Skip to main content
U.S. flag

An official website of the United States government

Increase in breastfeeding

The CDC's 2013 Breastfeeding Report Card marks continued progress over the last ten years in protecting, promoting, and supporting breastfeeding in the United States. In recent decades, mothers, their families, and health professionals have realized the importance of breastfeeding while acknowledging that each mother's decision about how she feeds her baby is a personal one.1 Every mother deserves information, guidance, and support in making this decision.

In addition to the well-known benefits breastfeeding brings to infants, there are also benefits for breastfeeding mothers. Breastfeeding moms are less likely to develop type 2 diabetes, breast and ovarian cancer, and postpartum depression.2 And the longer moms breastfeed, the more the health benefits stack up.

In 1984, Surgeon General C. Everett Koop convened the first Surgeon General's Workshop on Breastfeeding. At that time, about 60% of mothers reported breastfeeding.3 Today, 77% of mothers initiate breastfeeding after birth and almost half (49%) are still breastfeeding six months after birth.4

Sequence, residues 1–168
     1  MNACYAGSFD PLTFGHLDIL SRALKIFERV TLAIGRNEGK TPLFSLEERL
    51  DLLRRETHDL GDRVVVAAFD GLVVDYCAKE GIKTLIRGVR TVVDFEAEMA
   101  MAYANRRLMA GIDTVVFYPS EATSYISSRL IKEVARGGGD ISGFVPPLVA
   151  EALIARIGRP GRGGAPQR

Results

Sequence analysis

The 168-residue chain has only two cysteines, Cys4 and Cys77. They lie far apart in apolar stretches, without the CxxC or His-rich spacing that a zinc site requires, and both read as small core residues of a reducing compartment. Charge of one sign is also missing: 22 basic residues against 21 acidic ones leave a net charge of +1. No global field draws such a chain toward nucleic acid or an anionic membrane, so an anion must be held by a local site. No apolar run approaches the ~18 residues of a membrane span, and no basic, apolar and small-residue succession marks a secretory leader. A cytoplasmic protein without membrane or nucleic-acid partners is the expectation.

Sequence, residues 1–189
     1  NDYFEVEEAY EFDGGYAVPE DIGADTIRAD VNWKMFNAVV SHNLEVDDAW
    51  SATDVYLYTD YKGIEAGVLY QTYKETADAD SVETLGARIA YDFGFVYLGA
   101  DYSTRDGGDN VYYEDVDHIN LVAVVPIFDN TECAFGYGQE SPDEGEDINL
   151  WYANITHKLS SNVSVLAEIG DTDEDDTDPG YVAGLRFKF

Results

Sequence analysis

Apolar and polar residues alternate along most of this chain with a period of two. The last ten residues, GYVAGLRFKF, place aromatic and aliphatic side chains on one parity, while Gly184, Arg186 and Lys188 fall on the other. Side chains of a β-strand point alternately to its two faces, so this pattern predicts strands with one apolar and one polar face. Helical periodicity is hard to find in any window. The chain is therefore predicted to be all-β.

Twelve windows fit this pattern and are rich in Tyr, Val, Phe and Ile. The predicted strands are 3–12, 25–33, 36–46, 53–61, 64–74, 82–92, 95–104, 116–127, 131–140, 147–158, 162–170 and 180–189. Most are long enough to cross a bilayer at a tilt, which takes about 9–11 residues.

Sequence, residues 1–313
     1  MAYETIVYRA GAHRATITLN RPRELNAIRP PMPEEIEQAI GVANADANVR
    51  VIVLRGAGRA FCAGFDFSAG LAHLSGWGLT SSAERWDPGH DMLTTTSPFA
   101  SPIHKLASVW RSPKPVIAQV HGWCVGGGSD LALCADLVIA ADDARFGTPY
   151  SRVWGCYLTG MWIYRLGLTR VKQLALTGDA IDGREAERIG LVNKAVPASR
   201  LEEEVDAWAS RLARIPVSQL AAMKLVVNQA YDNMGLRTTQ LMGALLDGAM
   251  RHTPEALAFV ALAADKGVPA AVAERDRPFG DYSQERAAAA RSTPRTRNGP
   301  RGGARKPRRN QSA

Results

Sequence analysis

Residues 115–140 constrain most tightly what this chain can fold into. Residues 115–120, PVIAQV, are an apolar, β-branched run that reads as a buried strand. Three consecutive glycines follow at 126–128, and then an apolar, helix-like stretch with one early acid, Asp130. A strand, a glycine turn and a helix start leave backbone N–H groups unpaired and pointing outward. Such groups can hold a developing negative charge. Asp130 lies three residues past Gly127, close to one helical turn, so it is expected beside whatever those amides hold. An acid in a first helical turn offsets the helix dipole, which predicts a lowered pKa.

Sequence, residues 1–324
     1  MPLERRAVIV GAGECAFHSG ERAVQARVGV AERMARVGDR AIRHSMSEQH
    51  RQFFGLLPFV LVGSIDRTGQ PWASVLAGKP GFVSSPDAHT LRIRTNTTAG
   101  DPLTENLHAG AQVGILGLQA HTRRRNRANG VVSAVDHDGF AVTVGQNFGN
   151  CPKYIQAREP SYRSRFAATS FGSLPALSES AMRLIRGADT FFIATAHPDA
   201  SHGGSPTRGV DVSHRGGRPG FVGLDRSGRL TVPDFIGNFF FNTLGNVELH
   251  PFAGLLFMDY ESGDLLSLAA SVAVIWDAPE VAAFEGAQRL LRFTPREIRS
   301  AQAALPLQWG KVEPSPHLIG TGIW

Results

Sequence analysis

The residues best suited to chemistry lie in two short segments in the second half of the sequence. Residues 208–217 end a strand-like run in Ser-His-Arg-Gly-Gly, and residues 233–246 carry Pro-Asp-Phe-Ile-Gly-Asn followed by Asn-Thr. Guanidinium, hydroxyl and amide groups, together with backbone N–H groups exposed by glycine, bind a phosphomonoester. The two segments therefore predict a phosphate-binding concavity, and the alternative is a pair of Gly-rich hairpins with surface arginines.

In 1990, the United States signed onto a worldwide declaration to support breastfeeding, and in 1999, the Surgeon General requested a formal policy on breastfeeding. As a result, HHS released the HHS Blueprint for Action on Breastfeeding in 2000 under the leadership of OWH. This document declared breastfeeding to be a key public health issue in the United States and provided the first comprehensive breastfeeding framework for the nation. This was followed in 2011 by the Surgeon General's Call to Action to Support Breastfeeding, which outlines specific steps everyone can take to participate in a society-wide effort to support breastfeeding. The 2010 Affordable Care Act requires most insurance companies to provide, with no copay or deductible, breastfeeding support, counseling, and supplies.

Today more women are breastfeeding and for longer. Although differences still exist in breastfeeding rates between racial and ethnic groups, the gaps are getting smaller.5


  1. OSG, The Surgeon General's Call to Action to Support Breastfeeding, 2011
  2. OWH, Why breastfeeding is important
  3. OSG, The Surgeon General's Call to Action to Support Breastfeeding, 2011
  4. CDC, Breastfeeding Report Card, United States/2013
  5. CDC, Breastfeeding, Progress in Increasing Breastfeeding and Reducing Racial/Ethnic Differences – United States, 2000 – 2008 Births